The Half-Century Accident of the Newspaper and What to Do Now

Clay Shirky released another one of his brilliant essays on the future of newsmaking on Saturday, "Why We Need the New News Environment to Be Chaotic." He continues with an argument he's been making for a while, namely, that newspapers as we knew them in the mid-to-late 20th century were a kind of happy accident. The conditions that allowed the paper, though, are now gone.This is perhaps his neatest explanation of the fundamental premise:

Writing about the Dallas Cowboys in order to take money from Ford and give it to the guy on the City Desk never made much sense, but at least it worked. Online, though, the economic and technological rationale for bundling weakens--no monopoly over local advertising, no daily allotment of space to fill, no one-size-fits-all delivery system. Newspapers, as a sheaf of unrelated content glued together with ads, aren't just being threatened with unprofitability, but incoherence.

Far from celebrating this state of affairs, Shirky is worried about it. (If there's no news, all is permitted?) And now he's going to do something about it. The occasion for his essay is that he's going to be teaching at NYU's Journalism School next year. He says that we need more news "done for citizens instead of consumers" than the market is willing to pay for now, so there will have to be some kind of subsidy, if we want the nation's state legislatures and city halls to remain marginally less corrupt than they would be without real reporting to keep them honest.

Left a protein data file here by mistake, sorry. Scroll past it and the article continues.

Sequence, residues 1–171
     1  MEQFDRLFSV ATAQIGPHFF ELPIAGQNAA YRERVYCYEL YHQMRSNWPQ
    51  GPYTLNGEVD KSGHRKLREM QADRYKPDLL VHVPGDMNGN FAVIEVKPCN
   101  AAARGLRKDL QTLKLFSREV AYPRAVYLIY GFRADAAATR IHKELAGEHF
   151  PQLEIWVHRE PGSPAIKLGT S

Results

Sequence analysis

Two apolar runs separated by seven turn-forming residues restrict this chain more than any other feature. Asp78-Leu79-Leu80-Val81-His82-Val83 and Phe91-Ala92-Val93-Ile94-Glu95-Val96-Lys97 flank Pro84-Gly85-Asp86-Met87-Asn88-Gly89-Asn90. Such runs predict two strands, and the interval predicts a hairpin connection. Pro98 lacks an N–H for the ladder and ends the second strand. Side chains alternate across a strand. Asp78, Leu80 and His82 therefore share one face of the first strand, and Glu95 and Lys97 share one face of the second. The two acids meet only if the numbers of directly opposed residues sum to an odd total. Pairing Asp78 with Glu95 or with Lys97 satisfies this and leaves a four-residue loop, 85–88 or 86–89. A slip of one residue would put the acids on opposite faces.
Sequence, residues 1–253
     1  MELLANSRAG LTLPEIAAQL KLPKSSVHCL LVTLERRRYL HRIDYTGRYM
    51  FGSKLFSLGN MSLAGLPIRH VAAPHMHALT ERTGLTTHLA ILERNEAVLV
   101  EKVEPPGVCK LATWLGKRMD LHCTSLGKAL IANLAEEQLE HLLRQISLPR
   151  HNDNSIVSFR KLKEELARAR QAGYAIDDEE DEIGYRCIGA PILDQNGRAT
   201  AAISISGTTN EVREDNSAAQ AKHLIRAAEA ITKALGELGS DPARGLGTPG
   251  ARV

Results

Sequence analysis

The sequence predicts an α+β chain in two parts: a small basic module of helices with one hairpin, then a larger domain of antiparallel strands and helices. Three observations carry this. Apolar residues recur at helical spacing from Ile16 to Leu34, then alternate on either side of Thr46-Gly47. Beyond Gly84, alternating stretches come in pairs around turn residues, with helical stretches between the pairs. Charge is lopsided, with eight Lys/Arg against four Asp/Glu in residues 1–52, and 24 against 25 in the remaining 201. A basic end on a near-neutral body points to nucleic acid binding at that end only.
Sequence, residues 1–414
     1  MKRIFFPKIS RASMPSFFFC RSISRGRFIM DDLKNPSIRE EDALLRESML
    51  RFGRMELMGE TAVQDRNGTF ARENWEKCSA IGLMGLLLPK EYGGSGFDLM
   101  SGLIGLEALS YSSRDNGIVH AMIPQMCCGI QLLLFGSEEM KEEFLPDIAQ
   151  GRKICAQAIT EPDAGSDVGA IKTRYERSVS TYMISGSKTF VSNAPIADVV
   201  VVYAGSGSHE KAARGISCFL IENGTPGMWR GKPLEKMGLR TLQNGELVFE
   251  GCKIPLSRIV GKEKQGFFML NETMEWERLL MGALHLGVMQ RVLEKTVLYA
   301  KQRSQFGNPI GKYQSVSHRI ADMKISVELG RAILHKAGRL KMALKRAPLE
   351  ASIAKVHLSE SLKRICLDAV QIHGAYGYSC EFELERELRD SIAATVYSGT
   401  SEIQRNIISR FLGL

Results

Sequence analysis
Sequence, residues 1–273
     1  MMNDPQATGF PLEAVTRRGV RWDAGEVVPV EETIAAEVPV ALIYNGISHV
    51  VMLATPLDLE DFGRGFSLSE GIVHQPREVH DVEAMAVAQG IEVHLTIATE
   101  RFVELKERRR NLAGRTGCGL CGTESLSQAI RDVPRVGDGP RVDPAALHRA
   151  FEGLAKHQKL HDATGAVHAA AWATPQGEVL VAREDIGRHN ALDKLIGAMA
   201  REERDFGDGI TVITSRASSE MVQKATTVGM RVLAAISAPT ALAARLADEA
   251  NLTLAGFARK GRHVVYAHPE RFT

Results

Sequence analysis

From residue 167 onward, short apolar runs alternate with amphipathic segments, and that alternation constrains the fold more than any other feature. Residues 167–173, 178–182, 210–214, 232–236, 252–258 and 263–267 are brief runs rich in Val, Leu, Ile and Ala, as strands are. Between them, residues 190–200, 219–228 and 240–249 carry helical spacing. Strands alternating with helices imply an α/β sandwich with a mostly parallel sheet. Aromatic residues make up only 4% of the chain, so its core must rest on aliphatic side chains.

As he notes, the history of support for public media in the U.S. is inexplicably spotty, so we could turn to foundations and donors, who make wonderful places like ProPublica work. But he points out a different kind support, too: subsidizing tools that drive down the cost of investigative reporting:

And, critically, subsidy can be in savings rather than cash. Some of what professionals did in the old model can now be done in combination with amateurs, or crowds, or machines: MAPlight* and PoliGraft* and Sunlight's Lobbying Tracker* couldn't track links between money and politics without online databases; the Charlotte News Alliance* and the Tuscon Citizen * rely on local bloggers; the Davis Wiki* and the the Oil Spill Crisis Map* provide structure to user-contributed material; Tackable is betting that the first photographer on the scene will be a citizen with a phone*.

While we're talking about costs. I would love to see someone do some quantitative analysis on the costs of investigative journalism. Anyone who's ever heard me talk about the history of energy in America knows that I hate that the world is run by spreadsheets. But in this world, you need to be able to show where investigative reportings' costs and benefits are. If we're going to have to subsidize (and I broadly agree with Clay on that), I want to know what the gap looks like. Because my intuition is that an investigative story that succeeds probably pays for itself in one way or another.

But the investigative reporting process isn't just the one that succeeds but all the failures and deadends. One of the huge costs is just *finding the stuff you want to investigate* because there are so many possibilities. So you poke around. There are many blind alleys and stories that never go anywhere. Those are the things that we can't afford now. So the big opportunity, to me, is to help citizens flag the most important things, to be the million eyes that are looking for corruption and bad actors. The actual process of following up one of those things can be slow and laborious but big news actually does succeed. It's the red herrings of investigative journalism that are really expensive.